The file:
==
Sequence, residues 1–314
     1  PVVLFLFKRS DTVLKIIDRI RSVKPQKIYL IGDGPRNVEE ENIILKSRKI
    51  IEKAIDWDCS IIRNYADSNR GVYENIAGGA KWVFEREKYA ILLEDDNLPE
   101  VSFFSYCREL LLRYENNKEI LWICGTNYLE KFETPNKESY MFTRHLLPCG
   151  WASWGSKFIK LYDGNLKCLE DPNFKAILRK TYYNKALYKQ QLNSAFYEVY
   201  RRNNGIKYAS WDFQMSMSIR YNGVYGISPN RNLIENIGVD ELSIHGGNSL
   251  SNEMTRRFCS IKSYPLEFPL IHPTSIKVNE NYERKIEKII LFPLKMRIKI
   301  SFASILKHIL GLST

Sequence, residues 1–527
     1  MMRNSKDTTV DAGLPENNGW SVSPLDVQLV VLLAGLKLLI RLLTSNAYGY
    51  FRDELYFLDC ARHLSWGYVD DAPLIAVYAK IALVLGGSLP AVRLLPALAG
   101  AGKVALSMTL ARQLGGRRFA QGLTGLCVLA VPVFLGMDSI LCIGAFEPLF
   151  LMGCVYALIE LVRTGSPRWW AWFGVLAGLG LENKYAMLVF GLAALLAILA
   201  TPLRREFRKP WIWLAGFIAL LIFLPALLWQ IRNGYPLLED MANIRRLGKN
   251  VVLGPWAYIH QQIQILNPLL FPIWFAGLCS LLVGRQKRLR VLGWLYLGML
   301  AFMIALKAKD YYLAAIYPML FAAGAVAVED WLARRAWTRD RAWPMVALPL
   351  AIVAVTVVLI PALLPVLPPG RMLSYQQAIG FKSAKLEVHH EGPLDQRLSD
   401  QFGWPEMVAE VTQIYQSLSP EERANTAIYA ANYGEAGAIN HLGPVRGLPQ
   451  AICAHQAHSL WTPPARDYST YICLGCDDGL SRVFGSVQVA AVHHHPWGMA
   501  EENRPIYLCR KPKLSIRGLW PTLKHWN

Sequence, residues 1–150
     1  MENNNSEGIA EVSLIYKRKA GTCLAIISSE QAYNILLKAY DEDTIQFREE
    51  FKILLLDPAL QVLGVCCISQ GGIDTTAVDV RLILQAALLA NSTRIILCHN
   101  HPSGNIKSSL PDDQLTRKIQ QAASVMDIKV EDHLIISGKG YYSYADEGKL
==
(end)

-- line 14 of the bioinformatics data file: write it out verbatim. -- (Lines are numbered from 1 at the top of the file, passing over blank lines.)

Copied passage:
   201  TPLRREFRKP WIWLAGFIAL LIFLPALLWQ IRNGYPLLED MANIRRLGKN